It takes time for a team to gel. Some studies show we spend 60% of our time with teams. When building a new team, it is often helpful to remember the four stages of the team development model created in a 1965 paper by psychologist Bruce Tuckman.
At this beginning stage, team members get to know one another and their styles of working. Team members might be eager, anxious or curious. Lots of questions are asked at this stage. As a leader, help team members set goals — both personal and team goals.
The initial excitement may have worn off, and some team members may be frustrated with constraints. During this stage, members should be engaging in healthy conflict (emphasis on healthy) to clarify tasks, roles and responsibilities. Leaders need to feel comfortable with some productive tension, but not allow tensions to slip into destructive behaviors. Group members should feel safe putting forth their ideas. Ask and hear everyone’s point of view.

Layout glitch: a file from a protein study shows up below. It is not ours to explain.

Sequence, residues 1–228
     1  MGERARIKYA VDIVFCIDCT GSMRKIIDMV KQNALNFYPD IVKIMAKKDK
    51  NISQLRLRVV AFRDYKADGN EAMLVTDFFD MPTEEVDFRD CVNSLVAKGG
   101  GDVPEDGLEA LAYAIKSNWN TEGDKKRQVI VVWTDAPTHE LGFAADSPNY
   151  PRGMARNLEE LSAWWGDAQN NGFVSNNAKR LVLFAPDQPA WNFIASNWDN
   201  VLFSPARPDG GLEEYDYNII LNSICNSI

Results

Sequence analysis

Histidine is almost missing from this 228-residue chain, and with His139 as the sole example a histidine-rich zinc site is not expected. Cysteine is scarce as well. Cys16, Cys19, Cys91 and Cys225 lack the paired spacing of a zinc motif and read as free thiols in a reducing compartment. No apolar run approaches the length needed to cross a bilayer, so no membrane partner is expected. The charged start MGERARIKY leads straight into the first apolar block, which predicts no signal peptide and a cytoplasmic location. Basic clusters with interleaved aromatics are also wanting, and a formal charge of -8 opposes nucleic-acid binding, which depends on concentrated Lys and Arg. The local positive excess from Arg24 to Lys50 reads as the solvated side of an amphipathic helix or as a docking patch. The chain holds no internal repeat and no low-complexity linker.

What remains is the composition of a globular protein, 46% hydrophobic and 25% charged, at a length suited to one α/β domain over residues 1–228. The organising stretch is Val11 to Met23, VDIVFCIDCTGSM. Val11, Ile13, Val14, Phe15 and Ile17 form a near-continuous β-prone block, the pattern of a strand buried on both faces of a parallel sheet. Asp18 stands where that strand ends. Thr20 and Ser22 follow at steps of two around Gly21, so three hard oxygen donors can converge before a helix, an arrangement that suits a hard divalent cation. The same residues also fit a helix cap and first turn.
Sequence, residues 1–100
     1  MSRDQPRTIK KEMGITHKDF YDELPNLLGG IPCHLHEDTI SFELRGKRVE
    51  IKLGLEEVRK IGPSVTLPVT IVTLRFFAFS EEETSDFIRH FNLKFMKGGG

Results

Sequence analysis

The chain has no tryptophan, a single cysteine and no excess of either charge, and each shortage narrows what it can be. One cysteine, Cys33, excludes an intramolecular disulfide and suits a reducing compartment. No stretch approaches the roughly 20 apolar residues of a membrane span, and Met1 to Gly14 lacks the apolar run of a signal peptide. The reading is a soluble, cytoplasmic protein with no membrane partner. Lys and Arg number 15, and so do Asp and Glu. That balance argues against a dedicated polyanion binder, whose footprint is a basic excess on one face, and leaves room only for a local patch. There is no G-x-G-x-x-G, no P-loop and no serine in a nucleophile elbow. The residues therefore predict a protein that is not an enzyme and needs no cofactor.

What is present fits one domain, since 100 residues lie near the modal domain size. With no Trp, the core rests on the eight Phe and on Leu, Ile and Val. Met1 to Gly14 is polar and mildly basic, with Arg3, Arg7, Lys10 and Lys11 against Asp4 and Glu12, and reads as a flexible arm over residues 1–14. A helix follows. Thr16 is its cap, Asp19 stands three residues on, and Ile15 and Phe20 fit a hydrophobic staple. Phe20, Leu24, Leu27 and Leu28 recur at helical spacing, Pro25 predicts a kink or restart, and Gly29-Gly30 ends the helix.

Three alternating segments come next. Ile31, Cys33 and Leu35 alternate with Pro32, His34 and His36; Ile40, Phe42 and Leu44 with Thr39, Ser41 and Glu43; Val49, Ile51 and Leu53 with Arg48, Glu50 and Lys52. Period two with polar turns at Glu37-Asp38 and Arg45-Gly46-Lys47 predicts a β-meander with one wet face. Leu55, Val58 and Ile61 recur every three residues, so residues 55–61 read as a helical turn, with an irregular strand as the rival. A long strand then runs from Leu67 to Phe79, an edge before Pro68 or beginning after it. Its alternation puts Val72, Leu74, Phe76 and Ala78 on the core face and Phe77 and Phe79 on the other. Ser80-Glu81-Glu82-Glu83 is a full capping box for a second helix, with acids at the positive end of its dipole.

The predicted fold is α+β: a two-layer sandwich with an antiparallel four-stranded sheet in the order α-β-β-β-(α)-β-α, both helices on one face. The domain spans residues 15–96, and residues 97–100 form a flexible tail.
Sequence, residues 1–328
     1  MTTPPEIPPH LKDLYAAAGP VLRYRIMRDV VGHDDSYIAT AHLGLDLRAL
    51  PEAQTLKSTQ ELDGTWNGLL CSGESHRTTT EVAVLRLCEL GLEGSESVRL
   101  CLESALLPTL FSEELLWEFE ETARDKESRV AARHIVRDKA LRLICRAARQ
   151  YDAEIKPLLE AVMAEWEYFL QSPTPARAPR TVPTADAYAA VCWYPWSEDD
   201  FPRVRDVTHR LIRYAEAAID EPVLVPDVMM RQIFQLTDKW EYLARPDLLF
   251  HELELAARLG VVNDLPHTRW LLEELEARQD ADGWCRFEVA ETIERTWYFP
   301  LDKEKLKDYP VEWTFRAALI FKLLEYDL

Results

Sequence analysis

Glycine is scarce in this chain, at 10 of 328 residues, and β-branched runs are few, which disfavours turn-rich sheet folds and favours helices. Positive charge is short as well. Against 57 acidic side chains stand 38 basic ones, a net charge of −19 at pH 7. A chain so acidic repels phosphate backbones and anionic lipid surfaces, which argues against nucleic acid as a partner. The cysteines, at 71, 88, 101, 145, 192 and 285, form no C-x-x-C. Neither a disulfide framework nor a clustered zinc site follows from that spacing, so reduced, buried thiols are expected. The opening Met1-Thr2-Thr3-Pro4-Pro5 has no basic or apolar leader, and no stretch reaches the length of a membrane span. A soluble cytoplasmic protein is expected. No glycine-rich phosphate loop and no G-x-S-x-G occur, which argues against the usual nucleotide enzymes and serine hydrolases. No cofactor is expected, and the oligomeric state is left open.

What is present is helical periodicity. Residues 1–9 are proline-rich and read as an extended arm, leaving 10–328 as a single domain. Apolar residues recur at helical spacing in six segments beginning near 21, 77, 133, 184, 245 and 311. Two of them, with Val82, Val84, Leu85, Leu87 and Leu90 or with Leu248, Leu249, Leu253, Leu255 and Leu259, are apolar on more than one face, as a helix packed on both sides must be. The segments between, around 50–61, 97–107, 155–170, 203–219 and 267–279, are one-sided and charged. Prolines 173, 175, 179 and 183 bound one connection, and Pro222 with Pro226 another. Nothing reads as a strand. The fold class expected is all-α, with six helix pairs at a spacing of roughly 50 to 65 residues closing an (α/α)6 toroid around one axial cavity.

The team is gelling — they know how to work together. They begin to resolve early expectations and current reality. Team members work toward harmony. They may develop their own language or have inside jokes.
Now the team is really humming to provide outstanding results. A can-do attitude is seen. They willingly offer to help one another to achieve the team goal.
Not part of Tuckman’s original model, sometimes there is a fifth stage, adjourning, when a project concludes. Be sure to celebrate the achievements of the team before adjourning. Note also that teams may go back and forth between stages, especially if a new member joins or if there is a new business direction.